If dont have a dyno....set the cent high (overadvanced) say 36 degs...then slowly drop back till a noticable drop in power..thisd happens within a couple degrees...then up a couple degrees.
Tuning the other way...advancing and engine gives a better note, the drop off of power is very marginal, but the change in note is like an opitical illustion and gives the impression of quicker
Tuning this way destories a lot of engines by slow death.

My Spelling is not incorrect...it is creative

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Last edited by Steptoe; Mar 24th, 11 at 01:29 AM.
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post #9 of 16 (permalink) Old Mar 24th, 11, 08:48 AM Thread Starter
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Re: Centrifugal Advance - when should it start?

Dennis , Darrell and Steps - thanks. This is just the pointers I was looking for.
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post #10 of 16 (permalink) Old Mar 24th, 11, 08:54 AM
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Re: Centrifugal Advance - when should it start?

Quote:
Originally Posted by stouchton View Post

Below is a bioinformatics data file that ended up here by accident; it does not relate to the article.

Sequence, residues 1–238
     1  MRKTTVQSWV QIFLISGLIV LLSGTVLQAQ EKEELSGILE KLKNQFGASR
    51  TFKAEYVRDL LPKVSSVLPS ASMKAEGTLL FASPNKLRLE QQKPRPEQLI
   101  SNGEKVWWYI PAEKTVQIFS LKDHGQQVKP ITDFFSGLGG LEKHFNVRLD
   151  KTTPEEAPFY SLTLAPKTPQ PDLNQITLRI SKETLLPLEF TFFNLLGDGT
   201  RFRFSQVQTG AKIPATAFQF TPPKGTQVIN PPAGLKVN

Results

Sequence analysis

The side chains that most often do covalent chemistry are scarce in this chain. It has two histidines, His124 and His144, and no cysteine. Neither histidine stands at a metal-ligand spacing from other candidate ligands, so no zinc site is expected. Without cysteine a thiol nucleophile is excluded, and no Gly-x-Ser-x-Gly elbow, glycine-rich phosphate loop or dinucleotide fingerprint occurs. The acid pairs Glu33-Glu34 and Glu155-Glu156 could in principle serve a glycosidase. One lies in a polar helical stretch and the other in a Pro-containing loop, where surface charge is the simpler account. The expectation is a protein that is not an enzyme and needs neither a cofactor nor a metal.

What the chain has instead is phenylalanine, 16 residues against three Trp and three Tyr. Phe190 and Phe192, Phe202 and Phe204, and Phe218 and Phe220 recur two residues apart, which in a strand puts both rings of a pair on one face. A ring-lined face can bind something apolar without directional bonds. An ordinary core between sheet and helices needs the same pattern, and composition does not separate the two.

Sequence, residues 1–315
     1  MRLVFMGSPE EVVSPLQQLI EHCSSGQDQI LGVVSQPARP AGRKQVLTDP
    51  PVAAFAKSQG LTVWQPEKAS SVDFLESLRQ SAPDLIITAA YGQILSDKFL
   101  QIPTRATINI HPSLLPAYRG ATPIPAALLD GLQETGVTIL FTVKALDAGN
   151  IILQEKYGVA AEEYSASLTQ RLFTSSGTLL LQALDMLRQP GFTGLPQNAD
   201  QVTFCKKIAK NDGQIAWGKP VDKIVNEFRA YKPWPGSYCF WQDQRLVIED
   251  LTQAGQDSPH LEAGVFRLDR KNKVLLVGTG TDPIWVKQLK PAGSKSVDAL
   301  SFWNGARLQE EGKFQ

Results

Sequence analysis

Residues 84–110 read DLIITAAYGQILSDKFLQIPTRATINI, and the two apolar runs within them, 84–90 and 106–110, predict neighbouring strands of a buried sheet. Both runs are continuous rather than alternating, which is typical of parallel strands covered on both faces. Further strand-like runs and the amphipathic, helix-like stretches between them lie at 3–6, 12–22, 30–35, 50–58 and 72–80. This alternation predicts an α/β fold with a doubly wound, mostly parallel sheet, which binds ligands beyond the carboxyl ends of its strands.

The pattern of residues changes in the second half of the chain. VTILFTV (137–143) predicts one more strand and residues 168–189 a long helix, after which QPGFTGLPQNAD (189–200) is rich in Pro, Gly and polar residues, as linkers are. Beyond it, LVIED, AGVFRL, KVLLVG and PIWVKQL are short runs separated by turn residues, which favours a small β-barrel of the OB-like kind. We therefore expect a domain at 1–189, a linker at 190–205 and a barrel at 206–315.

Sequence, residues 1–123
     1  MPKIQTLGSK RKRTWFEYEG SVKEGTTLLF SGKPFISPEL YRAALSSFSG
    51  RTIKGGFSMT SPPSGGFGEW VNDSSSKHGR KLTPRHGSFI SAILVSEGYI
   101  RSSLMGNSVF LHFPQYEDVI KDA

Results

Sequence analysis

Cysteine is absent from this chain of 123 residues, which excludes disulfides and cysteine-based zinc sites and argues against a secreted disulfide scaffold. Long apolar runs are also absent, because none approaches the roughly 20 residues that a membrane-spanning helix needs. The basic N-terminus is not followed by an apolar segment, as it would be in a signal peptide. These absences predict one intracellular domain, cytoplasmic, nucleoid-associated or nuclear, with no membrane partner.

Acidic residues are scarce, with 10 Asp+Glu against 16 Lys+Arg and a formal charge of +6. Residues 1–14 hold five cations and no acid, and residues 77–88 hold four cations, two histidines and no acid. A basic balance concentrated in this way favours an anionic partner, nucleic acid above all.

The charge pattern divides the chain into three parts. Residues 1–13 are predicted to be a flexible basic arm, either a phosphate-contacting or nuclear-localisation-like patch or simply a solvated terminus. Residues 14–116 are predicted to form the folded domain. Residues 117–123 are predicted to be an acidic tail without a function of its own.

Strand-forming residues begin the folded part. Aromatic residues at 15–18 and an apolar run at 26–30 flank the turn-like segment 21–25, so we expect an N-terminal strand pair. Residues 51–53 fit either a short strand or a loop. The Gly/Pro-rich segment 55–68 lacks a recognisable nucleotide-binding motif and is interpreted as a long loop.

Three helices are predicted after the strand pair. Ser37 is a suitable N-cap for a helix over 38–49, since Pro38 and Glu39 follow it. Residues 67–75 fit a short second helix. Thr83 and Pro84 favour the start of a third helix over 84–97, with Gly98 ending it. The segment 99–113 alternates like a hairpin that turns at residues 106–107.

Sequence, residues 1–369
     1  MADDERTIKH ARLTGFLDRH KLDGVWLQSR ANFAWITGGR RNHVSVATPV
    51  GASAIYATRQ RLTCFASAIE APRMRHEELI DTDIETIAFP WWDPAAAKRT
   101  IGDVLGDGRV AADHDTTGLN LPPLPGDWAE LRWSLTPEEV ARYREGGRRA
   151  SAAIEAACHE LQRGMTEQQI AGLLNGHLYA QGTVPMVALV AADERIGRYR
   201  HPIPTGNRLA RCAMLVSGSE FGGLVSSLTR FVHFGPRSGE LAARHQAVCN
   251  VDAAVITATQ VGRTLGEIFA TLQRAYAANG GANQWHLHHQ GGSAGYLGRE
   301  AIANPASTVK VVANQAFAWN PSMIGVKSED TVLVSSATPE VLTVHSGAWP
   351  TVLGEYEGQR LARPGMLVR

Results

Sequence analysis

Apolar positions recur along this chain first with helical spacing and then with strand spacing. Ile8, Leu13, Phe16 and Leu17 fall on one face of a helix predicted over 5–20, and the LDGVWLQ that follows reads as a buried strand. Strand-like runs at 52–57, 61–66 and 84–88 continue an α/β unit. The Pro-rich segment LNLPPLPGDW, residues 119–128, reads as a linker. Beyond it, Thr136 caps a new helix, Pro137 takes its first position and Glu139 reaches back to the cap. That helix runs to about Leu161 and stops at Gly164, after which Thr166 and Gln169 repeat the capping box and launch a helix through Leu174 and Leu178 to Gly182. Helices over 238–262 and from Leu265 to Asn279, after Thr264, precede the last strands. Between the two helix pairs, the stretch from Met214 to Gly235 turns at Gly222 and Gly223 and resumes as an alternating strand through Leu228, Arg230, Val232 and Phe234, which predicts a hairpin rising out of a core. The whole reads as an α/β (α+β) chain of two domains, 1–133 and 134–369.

There is no hesitation or chuggles so I think I got all my carb issues resolved. This is a street driven car, manual with 2.73 rear (I know... there goes the torque!).
Just thought I'd mention that you kind of diagnosed the real problem ?

2.73 gears and a manual trans are going to make your car very sluggish at low rpm.
Change those gears to 3.55's and it will wake up that engine.
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post #11 of 16 (permalink) Old Mar 24th, 11, 02:48 PM
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Re: Centrifugal Advance - when should it start?

I run turbo 350 and 1200 stall with 255 rear and 60 mph = 2050 rpm
Torque...I have problems with rear end chriping and a damp road....dont even think about pulling into a med space in traffic, just sits and spins.
I run 27 mpg equivelent around towm... 1.8 mile stop start in med traffic cold running, intersections and undulating landscape
Open road 34.1 mpg... not granny footing but with slight agression, and hard down passing huge logging and milk tanker trucks (bigger than u have state side)
Again undulating landscape , gravel roads, and winding backroads thru hills.

My Spelling is not incorrect...it is creative

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post #12 of 16 (permalink) Old Mar 24th, 11, 05:28 PM
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Re: Centrifugal Advance - when should it start?

I don't believe his distributor is the problem.

2.73 gears and a muncie 4 speed is a lousy combo unless you want to run 90 mph on the interstate all day.

Last edited by Nashville Beth; Mar 24th, 11 at 05:49 PM.
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post #13 of 16 (permalink) Old Mar 25th, 11, 09:27 AM Thread Starter